Doctor of Philosophy (PhD)
Engineering Science (Interdepartmental Program)
The main objective of this study is to evaluate the feasibility of using miniaturized asymmetric structures to move liquid droplets and understand the driving mechanism. We developed the fabrication process for large area topological ratchets with the period ranging from millimeter down to sub-micrometer using micromachining techniques. Non-wetting superhydrophobic surfaces were successfully fabricated using soft UV or thermal nanoimprint lithography, reactive ion etching by oxygen plasma, and chemical surface modification by fluorinated silane vapor deposition. An accurate and reproducible experimental setup equipped with high speed camera and automatic injection system was established. Image processing tools allowed us to obtain various critical information related droplet motion and behavior along the ratchets surface. Various influences on the motion such as the surface temperature, ratchets dimension, surface wettability, droplet volume, kind of liquid, initial impact speed of droplet, polymer additive, and surface slope were systematically investigated for miniaturized non-wetting asymmetric ratchets. It is observed that the droplet motion on the ratchets is strongly dependent on the ratchets dimensions as well as the surface temperature. Extremely fast water droplet motion was achieved from the sub-micrometer ratchets near the Leidenfrost temperature. Even though the Leidenfrost-miniaturized ratchets system can be considered as an efficient pumping and cooling component, further intensive study to reduce the operating temperature and drive the liquid motion within microchannel is required for the broad range of applications.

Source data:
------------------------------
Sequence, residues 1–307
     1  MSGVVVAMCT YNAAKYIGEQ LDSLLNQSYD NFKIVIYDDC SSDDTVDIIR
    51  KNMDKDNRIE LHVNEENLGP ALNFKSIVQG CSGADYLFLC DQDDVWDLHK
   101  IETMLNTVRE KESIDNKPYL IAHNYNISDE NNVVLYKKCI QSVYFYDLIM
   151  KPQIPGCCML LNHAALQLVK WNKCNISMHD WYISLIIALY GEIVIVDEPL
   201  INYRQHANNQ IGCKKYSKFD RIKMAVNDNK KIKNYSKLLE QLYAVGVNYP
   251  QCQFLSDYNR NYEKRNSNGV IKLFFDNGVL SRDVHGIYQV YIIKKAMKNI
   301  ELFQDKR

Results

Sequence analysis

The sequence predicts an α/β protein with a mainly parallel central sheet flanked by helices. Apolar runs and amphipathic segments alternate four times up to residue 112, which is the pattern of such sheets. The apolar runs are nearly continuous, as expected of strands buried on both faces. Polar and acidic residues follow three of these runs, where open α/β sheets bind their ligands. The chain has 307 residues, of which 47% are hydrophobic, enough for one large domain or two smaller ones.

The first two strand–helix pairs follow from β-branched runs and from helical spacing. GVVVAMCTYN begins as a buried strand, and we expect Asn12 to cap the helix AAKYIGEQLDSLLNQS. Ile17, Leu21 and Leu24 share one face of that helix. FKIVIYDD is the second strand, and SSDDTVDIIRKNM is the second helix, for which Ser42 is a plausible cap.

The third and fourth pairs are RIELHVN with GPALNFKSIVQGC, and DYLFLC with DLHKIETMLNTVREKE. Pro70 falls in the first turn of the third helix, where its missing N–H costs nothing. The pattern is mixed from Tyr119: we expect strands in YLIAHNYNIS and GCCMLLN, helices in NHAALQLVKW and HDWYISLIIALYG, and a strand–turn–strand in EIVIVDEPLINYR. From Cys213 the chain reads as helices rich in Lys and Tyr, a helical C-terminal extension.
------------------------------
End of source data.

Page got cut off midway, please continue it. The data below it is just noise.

Document Availability at the Time of Submission
Release the entire work immediately for access worldwide.
Ok, Jeong Tae, "Droplet motion on miniaturized ratchets" (2011). LSU Doctoral Dissertations. 1892.